The Solution:  The easiest way to check if your cable is faulty is simply by using a different cable to charge your phone. If the new cable works fine, then you’ll be relieved to know that the problem was simply in the wire, and not the phone.

3. The Power Adapter

Often, the issue lies in places we least imagine it to be – in this case, the power adapters. Usually, these aren’t damaged out of the blue, especially if there hasn’t been a power surge or something like a thunderstorm. However, people may often overlook a loose connection to the mains socket, causing it to degrade over time until one day it finally stops working altogether.

The Solution:  To isolate this issue, first try out a different socket try and connect a different phone to the same charger. If it doesn’t charge, try switching out the cables. If the issue persists, it might be time for you to get a new power adapter.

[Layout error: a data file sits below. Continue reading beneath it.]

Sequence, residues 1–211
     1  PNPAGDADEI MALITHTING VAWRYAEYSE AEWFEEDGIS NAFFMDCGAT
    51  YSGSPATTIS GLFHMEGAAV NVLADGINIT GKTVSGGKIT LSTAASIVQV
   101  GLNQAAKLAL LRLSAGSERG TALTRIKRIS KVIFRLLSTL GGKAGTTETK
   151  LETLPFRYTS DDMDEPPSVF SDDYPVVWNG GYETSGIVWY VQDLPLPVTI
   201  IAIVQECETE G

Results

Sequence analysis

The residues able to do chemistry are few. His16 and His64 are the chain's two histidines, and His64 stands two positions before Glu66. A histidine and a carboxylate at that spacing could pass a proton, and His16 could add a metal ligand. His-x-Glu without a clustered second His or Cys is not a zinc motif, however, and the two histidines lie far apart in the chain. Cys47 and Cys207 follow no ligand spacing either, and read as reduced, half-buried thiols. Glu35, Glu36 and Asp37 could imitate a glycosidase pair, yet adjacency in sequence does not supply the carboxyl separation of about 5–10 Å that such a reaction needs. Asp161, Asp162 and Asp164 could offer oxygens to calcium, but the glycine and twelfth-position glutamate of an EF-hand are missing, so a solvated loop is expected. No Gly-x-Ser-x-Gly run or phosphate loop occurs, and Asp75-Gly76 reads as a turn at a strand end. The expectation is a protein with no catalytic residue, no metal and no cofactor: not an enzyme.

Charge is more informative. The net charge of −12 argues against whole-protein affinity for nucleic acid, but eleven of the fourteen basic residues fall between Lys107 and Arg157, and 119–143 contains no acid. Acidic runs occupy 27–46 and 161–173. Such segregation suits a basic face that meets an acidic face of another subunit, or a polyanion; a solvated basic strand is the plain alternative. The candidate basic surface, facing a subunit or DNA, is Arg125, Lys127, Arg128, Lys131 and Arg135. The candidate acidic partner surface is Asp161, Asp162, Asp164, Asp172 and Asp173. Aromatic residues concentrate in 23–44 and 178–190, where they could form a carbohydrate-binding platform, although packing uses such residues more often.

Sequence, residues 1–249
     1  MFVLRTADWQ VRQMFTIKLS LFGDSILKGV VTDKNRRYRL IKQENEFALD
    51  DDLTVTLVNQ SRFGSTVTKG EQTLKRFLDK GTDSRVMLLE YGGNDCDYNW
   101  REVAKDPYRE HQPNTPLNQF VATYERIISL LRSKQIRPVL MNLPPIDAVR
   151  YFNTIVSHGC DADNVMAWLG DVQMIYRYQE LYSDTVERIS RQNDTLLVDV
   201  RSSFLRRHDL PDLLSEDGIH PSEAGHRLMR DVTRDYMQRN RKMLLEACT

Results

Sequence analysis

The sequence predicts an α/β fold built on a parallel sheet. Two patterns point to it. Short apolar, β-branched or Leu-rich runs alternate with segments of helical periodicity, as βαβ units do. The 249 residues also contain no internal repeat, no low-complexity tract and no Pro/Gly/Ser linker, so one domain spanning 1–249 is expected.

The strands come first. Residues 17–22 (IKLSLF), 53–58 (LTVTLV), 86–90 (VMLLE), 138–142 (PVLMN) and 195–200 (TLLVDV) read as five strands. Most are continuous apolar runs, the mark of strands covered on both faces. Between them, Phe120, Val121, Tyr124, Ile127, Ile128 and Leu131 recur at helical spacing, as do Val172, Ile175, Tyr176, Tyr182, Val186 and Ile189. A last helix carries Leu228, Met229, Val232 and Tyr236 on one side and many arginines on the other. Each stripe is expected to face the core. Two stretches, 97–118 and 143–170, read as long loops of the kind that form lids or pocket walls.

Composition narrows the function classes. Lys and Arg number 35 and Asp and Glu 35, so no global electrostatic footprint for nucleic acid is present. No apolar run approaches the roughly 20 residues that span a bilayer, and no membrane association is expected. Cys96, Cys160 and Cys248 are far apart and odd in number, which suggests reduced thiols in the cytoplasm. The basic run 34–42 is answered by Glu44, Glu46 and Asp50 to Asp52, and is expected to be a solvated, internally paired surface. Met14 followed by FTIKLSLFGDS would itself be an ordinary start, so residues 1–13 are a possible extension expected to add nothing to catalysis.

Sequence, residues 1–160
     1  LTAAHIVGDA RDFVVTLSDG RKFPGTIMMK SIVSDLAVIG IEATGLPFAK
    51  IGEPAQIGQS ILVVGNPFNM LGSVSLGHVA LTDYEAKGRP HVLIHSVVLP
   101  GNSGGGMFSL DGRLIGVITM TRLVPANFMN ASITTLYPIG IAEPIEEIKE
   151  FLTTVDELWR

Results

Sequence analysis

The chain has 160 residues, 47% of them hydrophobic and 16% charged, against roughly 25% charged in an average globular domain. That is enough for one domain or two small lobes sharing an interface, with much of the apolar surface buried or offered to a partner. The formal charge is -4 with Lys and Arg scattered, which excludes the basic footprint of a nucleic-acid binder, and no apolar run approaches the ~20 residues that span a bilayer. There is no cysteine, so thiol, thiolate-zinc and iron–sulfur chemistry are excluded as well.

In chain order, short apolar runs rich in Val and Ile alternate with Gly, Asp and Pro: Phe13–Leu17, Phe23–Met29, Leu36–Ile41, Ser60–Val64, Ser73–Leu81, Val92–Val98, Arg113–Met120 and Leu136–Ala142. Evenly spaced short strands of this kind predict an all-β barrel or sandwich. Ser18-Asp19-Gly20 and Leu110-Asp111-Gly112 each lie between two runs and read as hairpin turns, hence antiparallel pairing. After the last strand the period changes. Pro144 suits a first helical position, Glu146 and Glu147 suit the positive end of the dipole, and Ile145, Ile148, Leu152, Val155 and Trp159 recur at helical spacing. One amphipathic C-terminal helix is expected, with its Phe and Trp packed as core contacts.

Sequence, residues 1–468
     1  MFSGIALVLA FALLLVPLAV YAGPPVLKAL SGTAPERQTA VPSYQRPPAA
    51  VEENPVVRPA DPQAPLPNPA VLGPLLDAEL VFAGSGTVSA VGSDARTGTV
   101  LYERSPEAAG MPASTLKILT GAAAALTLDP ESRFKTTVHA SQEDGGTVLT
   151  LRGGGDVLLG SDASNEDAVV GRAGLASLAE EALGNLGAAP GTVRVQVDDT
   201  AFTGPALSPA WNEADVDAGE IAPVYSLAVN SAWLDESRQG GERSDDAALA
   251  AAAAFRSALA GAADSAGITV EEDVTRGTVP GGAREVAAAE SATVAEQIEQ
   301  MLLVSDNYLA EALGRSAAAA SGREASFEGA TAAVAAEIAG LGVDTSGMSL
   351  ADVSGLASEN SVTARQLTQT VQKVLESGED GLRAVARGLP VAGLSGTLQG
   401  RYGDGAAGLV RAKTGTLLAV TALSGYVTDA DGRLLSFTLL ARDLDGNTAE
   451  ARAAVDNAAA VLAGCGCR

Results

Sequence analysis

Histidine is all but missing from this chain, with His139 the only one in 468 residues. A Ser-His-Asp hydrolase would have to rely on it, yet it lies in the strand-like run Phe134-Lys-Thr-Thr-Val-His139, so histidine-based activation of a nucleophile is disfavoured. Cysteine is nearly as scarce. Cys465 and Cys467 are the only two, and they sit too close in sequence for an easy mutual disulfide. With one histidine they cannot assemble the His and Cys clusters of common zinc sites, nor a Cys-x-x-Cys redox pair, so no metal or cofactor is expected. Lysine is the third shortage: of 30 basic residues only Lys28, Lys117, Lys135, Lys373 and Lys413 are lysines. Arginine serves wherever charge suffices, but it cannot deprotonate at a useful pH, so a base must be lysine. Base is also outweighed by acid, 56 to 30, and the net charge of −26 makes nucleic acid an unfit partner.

Different power adapters | Wirecutter

Read More: Can You Use Your Phone While Charging?

4. Incompatible Fast Charging Adapter/Cable

Most phones nowadays rely on the USB PD fast charging protocol. However, for phones like Samsung, Xiaomi, OPPO, and OnePlus, among others, they use proprietary fast charging standards. If you use an incompatible charging adapter or cable that doesn’t support the said standard, your phone may end up stuck in a constant fast charging loop.

Please keep in mind that this situation is different from your charger disconnecting. Your phone will always be charging while plugged in, but the fast charging animation can become frustrating, especially if you’re using your phone while it’s charging.

The Solution:  To mitigate this issue, look up your phone’s model along with the correct fast charging protocol it supports, and purchase the charger that is compatible with your phone. If you don’t have any issues with the fast charging animation cycle, you shouldn’t worry. However, there is a slight chance that this could potentially cause internal damage to the phone itself.